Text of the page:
Indeed, he said, merchants wondered early on how they were going to handle the expected throngs of sports aficionados. As it turned out, Gudenrath said, parking or waiting lines have not posed a problem, and the Old Market is not close to capacity.
He's hoping for a spurt as stadium food wears on fans.
“You can only eat so many hot dogs,” Gudenrath quipped.
While proximity to the stadium seems a top factor in drawing a crowd, merchants such as Chris Tribulato said he's exceeded expectations by featuring quirky or trendy items.
The manager at the Omaha-based DiGiorgio's Sportswear said one of his biggest sellers is a shirt that workers quickly pulled together after fans booed Texas in the opening ceremonies. Capitalizing on the Longhorn-Husker rivalry, the store's designer produced a shirt featuring a U.S. map that excludes Texas.
Another item flying off the shelves is a baseball jersey that jabs the California Bears. DiGiorgio's replicated the shirt worn by the original “Bad News Bears” Little Leaguers of television fame.
“We make it so people laugh,” Tribulato said. “They chuckle. They want to come in.”
Of course the store's two locations close to the stadium bring foot traffic. “You have to be within one, two blocks, at the most, to be successful. People don't want to venture out that much,” Tribulato said.
For O Dining & Lounge at 10th and Farnam Streets, it took only a weekend to know its beer tent was a bust. “We were kind of shocked,” said owner Lance Wang.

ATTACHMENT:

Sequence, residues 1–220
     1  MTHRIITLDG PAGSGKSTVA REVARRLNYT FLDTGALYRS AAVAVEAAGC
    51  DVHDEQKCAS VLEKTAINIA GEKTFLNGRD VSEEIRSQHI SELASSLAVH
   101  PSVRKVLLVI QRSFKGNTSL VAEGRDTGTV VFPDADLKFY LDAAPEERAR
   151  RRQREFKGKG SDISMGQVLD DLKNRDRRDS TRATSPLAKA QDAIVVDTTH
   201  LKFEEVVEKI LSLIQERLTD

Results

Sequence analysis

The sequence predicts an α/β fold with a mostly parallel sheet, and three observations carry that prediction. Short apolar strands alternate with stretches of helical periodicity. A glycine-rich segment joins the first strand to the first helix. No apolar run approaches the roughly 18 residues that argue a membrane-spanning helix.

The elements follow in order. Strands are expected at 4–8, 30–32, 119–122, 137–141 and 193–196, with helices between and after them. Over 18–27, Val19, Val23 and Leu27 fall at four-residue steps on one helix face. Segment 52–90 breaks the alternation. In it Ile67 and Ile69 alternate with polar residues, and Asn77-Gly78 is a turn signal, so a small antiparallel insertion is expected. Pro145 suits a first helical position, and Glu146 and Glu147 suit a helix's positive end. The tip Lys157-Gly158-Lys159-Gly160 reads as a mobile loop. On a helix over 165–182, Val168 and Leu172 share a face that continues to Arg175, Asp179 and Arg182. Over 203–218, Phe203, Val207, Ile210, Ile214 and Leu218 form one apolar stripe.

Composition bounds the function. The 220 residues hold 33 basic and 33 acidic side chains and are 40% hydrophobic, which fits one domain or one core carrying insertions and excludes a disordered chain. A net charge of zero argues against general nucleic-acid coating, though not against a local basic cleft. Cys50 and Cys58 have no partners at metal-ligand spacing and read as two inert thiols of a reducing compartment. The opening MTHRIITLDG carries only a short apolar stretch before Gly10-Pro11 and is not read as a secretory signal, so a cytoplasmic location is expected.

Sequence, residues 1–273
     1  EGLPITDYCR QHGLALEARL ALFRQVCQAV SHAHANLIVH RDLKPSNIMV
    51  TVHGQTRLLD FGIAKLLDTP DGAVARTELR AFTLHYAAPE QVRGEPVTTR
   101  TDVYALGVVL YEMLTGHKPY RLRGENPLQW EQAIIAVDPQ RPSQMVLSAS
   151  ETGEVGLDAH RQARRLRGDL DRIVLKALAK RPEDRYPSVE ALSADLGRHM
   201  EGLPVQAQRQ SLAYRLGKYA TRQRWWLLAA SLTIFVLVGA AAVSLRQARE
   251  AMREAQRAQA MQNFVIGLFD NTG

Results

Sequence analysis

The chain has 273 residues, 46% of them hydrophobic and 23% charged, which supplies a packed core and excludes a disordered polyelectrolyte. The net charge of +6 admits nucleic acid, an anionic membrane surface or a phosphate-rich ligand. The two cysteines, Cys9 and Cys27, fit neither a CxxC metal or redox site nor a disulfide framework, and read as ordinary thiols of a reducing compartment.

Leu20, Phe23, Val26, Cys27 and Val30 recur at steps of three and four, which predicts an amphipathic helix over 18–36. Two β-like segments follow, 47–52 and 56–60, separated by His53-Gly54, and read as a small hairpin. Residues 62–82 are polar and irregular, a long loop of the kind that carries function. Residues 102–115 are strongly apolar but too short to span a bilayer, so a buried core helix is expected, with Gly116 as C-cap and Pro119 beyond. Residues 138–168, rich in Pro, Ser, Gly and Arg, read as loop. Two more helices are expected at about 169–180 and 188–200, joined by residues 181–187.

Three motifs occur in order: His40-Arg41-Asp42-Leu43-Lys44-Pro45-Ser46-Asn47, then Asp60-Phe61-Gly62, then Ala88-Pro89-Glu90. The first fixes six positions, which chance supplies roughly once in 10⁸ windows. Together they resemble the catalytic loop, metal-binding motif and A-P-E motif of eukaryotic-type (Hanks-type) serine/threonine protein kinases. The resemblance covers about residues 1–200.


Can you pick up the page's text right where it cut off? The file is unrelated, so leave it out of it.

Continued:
The restaurant closed down for two weeks in anticipation of hosting 1,000 people outside on a weekend night. Instead, Wang said, a total of 300 showed up Friday and Saturday.
O Dining has reopened the restaurant, but it's taking time for the word to get out.
Wang is considering a comeback next CWS, but “definitely not as large a scale as this year.”
Barley's Tip Top sports bar at 15th and Cuming Streets bought billboard space to help lure a CWS crowd but ended up scaling back live music and buffet specials due to mediocre turnouts.
A few vendors who had set up outside the club also packed up early, said general manager Kelsy Young.
The staff at Barley's Tip Top suspects that more teams are staying in hotels farther west (compared with years past) and that their fan bases are patronizing places in those areas. Last year, Barley's offered shuttle service to the Rosenblatt, and fans came back to celebrate.
“We miss them,” Young said. “We want to see the crazy Gator fans and hyped-up Virginia fans light up the place.”
But the general manager at DJ's Dugout sports bar on 10th Street and Capitol Avenue says it has seen “awesome” crowds, day and night.
“The days of the tents are over,” said Sunni Renner.
She said the Vanderbilt University team's downtown hotel fan base has boosted business at the 11,000-square-foot bar that can hold about 400. Plus, she said, “We're a comfort zone for the locals.”